T. Jefferson Parker (1953 – ) is a writer of police procedural novels, following in the grand tradition of Jack Webb and Joseph Wambaugh. Most of his 15 novels are set in Orange County or San Diego. He draws comparisons to Robert B. Parker and that’s apt for more than their common name: both feature strong local settings, a romantic interest, unconventional ‘helpers,’ and a focus on the intersection of politics and crimes. T. Parker seems to alter his formula with each novel a bit more than R. Parker though.
A native of Southern California, he graduated in English from UC-Irvine and worked for the Newport Ensign and Daily Pilot in Orange County before writing his first novel. About ten years ago he moved to San Diego County.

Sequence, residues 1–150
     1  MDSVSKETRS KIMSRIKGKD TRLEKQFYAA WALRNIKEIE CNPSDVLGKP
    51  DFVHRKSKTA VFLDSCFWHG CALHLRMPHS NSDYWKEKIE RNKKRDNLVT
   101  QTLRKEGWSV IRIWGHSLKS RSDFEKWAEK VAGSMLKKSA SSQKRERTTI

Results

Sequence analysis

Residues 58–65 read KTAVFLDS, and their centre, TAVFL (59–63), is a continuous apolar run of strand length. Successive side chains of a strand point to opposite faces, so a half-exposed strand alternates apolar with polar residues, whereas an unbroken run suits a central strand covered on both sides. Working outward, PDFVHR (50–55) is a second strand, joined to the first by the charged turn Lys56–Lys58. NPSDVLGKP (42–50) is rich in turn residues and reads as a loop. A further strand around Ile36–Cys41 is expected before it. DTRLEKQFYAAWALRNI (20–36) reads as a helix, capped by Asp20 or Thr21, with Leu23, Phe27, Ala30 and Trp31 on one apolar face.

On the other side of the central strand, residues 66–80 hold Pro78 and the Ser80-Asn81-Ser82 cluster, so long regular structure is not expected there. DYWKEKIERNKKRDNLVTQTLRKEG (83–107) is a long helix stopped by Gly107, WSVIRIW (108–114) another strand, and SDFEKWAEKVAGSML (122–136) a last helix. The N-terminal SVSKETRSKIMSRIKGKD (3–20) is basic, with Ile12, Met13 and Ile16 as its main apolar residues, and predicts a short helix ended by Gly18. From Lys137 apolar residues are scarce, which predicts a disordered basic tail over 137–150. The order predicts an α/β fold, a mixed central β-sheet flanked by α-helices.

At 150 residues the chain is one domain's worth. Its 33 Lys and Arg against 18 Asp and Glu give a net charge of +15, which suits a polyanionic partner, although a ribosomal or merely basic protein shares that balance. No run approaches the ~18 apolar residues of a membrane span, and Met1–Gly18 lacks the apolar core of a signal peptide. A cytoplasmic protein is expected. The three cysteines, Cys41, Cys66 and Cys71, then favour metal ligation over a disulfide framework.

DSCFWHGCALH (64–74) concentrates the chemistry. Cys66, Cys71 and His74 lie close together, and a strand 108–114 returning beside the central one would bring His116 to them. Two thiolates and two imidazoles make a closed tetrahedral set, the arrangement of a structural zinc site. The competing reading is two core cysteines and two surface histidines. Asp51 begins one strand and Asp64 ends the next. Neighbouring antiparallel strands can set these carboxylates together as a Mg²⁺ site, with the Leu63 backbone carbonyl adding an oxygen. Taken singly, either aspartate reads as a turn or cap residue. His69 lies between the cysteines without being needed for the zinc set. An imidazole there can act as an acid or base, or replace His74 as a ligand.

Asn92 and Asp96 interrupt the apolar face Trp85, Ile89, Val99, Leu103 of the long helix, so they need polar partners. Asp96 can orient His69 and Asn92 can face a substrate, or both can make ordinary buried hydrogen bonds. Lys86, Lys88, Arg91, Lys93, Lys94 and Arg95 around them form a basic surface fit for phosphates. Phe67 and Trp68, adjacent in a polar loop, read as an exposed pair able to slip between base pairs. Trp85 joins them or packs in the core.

Parker’s stories usually have a single protagonist, though occasionally some of the story will be shown from the antagonists viewpoint. The crimes that Parker depicts are sometimes gruesome, with the potential to cause community mayhem. His forte is setting, local politics, and depicting the effects of crime. The initial run of novels:
Laguna Heat (1985), Little Saigon (1987), Pacific Beat (1991), Summer of Fear (1993), The Triggerman’s Dance (1996), Where Serpents Lie (1998), and the award-winning Silent Joe (2001)
With his move south, Parker turned his eye to the less contested territory of San Diego, which apparently has just as many feuds, just as much graft and favoritism, and as many fiefdoms as its neighbors to the north — and more readers up for grabs.
In his most recent novels, Parker features Charlie Hood, a Los Angeles Sheriff’s Department deputy “on loan” to a Bureau of Alcohol, Tobacco and Firearms task force working the illegal gun trade along the U.S. Mexico border.